Smaller metros, with more affordable housing and enough cultural and economic opportunities became the perfect spot for those who simply were not making it work in the big city. While the number of people who fled between the early months of the pandemic and early 2021 is still small in comparison to the population of large metros such as San Francisco, Los Angeles, Seattle, or New York, the small growth smaller cities are registering will have a lasting impact in their overall economic health.
As noted by consultants Remington Tonar and Ellis Talton, the considerable influx of new residents can positively impact smaller metros in a series of ways.
The most obvious is the relationship between the population growth and the increased demand for a series of goods and services, which will then drive the demand for the creation or expansion of businesses, increasing employment numbers and helping drive the GDP up. But that isn’t the only way smaller cities benefit.
The increased growth may also help retain the residents who would have otherwise left. In other words, when longtime residents see their towns flourish, they think twice before selling everything and moving to what the duo called “highly romanticized cities.”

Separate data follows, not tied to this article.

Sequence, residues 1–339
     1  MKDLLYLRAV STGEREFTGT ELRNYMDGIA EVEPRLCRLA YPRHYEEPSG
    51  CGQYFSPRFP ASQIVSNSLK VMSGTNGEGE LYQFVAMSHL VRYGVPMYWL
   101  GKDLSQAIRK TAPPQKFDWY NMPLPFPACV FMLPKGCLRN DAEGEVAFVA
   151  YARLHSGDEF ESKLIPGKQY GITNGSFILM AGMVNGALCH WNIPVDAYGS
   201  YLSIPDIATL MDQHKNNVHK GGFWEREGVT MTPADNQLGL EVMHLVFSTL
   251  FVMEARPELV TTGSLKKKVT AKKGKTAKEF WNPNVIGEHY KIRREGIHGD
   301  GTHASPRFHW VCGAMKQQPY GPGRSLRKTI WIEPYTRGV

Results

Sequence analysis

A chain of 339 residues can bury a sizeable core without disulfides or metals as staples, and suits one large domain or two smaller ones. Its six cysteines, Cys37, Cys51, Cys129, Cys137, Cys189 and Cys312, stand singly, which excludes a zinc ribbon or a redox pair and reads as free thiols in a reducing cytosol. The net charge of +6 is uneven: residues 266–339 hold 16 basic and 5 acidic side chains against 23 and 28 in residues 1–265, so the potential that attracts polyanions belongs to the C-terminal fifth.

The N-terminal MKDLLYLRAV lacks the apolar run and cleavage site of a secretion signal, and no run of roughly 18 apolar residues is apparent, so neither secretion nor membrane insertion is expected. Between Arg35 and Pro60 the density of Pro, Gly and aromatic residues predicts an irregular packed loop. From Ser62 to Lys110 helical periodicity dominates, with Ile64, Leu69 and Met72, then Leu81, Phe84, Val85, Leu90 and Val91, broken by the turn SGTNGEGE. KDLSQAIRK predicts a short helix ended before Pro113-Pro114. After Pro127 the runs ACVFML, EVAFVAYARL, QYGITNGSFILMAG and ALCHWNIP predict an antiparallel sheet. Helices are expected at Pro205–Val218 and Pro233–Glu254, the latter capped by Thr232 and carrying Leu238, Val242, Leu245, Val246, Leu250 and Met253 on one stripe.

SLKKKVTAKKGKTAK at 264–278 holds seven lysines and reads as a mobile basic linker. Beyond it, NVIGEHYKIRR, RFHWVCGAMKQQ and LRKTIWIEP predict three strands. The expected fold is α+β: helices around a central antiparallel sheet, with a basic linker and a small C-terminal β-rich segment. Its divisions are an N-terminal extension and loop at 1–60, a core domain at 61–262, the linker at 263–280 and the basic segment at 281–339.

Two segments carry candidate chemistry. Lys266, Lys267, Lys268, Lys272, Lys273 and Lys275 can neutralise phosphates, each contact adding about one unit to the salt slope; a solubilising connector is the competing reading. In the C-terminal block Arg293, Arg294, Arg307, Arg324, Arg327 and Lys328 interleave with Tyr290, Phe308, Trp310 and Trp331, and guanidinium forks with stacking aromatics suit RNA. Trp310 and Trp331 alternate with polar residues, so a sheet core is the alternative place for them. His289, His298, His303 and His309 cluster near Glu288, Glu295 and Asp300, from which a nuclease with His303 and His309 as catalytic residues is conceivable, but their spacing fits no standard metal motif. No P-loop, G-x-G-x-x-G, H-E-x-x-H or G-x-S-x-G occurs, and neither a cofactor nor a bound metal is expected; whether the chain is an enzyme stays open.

Whether or not smaller cities will continue to reap the benefits of being less heavily regulated than their larger neighbors for many years to come, one thing is for sure: the prohibiting costs of living in large urban areas has only become worse during the pandemic.
With growing government interference in the real estate market, the only people who can truly afford new homes in desired neighborhoods in 2021 are the rich. Additionally, the top-down stay-at-home orders, many of which were extended by city and county officials in spite of governors’ lifting orders, imposed a much larger burden on small and medium-sized businesses. The result was a much harder unemployment rate in those areas. If major city officials are at all worried about the economic health of their constituents, they would think twice before imposing additional housing restrictions and business-related taxes as people try to recover from the government-instigated crisis.
Despite the Net Positive, Broken Windows Are Never the Answer
While I believe we should highlight the growth that middle-sized cities and larger towns are already experiencing as a result of the influx of new residents post covid, destruction is never the solution to stagnant economies.
As economist Frédéric Bastiat explained in 1850, if someone intentionally breaks a window, the glazier called to fix it might benefit, but only at the expense of the shopkeeper, who had to shut down until the matter was resolved, losing money as a result. In other words, there is no upside to destruction, because it doesn’t “create jobs,” or “boost total income,” as economist Robert Murphy explained in this article. While some groups will benefit from these events, in this case, smaller metros, society as a whole is either stagnant, at best, or poorer, at worse.